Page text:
• Plymouth Town Hall: Constructed in 1889, this building served as the Grafton County Courthouse and the former district court for many years. Now it houses the town’s public offices. The cannon in front of the Town Hall is believed to have been used by the British in the Battle of Bennington on August 16, 1777, and was captured by General John Stark.
  • Plymouth Congregational Church: On April 16, 1764, 62 men from Hollis Congregational Church traveled north to accept the Charter for the Grant of Plymouth. The granters were obliged to set up a grist mill and sawmill, as well as build roads, bridges, a meetinghouse and provide a salary for a minister. In 1769, the original log meetinghouse was built on Ward Hill in1788. In 1819, the Plymouth Congregational Church was incorporated and built on this site in 1836. The current building was erected in 1985 following a fire, which destroyed the 145-year-old church.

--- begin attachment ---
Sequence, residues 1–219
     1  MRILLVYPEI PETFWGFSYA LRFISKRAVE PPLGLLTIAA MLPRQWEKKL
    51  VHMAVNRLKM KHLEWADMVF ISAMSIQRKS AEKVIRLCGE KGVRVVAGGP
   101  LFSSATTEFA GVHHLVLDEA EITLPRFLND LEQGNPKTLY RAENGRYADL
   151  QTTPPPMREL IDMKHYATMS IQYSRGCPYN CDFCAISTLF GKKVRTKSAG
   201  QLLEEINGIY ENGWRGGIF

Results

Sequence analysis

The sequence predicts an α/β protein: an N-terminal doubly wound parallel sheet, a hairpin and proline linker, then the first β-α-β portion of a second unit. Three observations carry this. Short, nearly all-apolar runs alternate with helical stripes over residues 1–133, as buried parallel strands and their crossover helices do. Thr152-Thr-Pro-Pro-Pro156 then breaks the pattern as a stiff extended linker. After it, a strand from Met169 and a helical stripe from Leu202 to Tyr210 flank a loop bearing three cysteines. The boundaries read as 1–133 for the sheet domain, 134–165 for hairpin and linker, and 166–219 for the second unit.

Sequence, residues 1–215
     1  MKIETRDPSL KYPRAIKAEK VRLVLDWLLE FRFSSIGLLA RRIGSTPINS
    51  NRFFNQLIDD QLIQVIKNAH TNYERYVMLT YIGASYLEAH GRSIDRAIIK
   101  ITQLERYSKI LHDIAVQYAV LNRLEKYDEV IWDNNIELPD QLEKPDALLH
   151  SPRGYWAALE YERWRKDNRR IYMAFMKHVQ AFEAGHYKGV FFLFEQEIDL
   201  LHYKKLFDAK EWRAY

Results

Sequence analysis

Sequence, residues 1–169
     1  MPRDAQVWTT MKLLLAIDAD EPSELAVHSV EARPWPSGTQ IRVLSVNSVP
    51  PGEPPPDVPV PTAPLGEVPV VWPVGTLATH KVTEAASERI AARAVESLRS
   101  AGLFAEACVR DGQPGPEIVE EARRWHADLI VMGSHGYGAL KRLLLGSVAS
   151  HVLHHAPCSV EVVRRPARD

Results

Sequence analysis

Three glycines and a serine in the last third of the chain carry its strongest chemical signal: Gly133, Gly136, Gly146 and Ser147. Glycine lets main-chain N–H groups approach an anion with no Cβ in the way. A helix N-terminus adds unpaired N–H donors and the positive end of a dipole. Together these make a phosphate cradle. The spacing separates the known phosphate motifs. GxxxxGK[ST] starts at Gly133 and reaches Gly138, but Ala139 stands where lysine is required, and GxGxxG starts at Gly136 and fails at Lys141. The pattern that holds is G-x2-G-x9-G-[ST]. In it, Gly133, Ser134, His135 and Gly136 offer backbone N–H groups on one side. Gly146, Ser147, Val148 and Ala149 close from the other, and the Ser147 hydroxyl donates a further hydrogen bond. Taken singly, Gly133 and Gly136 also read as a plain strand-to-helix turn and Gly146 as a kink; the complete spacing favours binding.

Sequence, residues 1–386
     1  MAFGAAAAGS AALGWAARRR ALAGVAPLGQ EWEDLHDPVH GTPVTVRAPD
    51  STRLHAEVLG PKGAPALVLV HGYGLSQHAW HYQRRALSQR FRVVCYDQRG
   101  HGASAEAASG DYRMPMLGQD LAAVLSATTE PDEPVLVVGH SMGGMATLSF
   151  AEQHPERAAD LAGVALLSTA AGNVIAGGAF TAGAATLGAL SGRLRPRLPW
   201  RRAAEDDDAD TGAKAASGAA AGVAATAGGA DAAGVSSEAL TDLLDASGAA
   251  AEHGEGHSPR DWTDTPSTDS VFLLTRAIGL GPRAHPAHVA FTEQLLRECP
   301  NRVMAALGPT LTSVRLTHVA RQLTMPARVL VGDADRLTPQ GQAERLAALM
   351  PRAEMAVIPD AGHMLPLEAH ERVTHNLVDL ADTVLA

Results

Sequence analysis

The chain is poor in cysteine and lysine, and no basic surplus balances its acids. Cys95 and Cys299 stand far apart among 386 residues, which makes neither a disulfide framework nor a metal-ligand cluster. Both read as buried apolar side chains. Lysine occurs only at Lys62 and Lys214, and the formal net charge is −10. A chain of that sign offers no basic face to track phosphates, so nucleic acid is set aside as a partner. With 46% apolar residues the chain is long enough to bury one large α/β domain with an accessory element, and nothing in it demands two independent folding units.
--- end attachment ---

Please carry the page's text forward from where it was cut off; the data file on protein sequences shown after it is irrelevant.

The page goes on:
• Plymouth Common: See three points of interest:
    1. The kneeling Boy Scout is a 1933 sculpture by George Borst and is believed to be one of only two Boy Scout statues in the United States. 2. The plaque embedded in the granite rock pays tribute to Nathaniel Hawthorne (1804–64), the American romantic writer, who gained inspiration from this community. 3. The Bandstand: Built in 1903, the bandstand is based upon a design by the grandson of New England’s first architect, Charles Bulfinch (Faneuil Hall).
  • Pease Public Library: On this site was the Pease House where Captain Harl Pease Jr. lived. Captain Pease, a World War II aviator for whom Pease Air Force Base was named, was killed in action. He was awarded the highest honor, the Congressional medal, posthumously. The present library opened its door on February 13, 1991.